Every day, the bread maker’s daughter passed through the same narrow corridors and streets to deliver a fresh, steaming loaf of rye to her ailing great aunt. The old woman could hardly speak sensibly anymore, and it became a dreary errand. She would take her time getting there. The old woman only nibbled on a small slice of the bread anymore, so the girl often ate a fair share on the way.
One morning as she relished the fresh bread, she lingered at the park and threw crumbs to the pigeons. A calm, glistening lake sat at the center of the park and paths wound around it. Folks liked to munch on sandwiches there, let their children run about, and take private, whispering walks in pairs. A mossy, brick wall extended on one end. It was crumbling and derelict–leftover from some forgotten past. It arched its way downhill and disappeared into a patch of woods.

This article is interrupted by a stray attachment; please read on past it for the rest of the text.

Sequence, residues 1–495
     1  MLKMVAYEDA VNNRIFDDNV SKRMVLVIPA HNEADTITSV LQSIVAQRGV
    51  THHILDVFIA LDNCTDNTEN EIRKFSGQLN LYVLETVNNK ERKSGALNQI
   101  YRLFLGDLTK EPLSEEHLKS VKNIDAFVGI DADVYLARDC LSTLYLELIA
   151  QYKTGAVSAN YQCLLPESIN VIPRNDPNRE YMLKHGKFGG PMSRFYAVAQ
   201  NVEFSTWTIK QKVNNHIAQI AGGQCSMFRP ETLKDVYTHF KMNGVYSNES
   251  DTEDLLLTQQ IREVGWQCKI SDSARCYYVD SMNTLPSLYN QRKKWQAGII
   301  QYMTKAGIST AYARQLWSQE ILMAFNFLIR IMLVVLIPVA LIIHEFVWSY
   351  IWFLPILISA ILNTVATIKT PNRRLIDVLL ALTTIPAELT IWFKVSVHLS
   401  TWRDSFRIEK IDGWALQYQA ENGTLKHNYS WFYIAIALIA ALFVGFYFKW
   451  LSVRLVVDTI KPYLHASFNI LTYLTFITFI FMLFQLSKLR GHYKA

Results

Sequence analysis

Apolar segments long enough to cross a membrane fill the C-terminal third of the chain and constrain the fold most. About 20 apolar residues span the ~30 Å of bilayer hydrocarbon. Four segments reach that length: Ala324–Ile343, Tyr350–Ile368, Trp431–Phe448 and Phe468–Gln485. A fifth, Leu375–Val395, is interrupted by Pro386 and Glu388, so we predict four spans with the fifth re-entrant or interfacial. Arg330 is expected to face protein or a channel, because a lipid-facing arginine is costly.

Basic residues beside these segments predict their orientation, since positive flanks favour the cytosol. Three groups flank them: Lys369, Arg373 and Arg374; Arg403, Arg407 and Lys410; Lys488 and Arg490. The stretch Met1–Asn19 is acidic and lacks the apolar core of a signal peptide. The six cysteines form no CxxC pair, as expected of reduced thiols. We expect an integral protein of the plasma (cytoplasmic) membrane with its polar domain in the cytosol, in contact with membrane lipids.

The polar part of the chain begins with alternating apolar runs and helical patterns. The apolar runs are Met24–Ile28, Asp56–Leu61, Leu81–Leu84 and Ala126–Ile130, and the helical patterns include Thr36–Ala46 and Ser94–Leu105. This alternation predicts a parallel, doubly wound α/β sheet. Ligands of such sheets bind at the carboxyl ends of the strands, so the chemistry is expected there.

The girl watched a rust colored squirrel scamper across the top. Amused by the creature, she began to follow it. In this way, she came across the yellow door. The brightly painted wood stood out, and it seemed impossible that no one had noticed it before. She tucked the checkered cloth napkin around the bread and held it under her arm as she turned the knob. The door swung open noiselessly.
She jumped back when she peered beyond the open door. In her surprise, the loaf of bread tumbled to the ground. Instead of leading to the other side of the wall, the door led to a sun-filled meadow. With a glance over her shoulder, she stepped over the threshold. Almost instantly, the wall vanished from sight. She caught only the shimmer of bricks as she turned around.
A few hours later, a stray dog in the park came across the partially eaten bread. What fortune, thought the dog. It devoured every last crumb.
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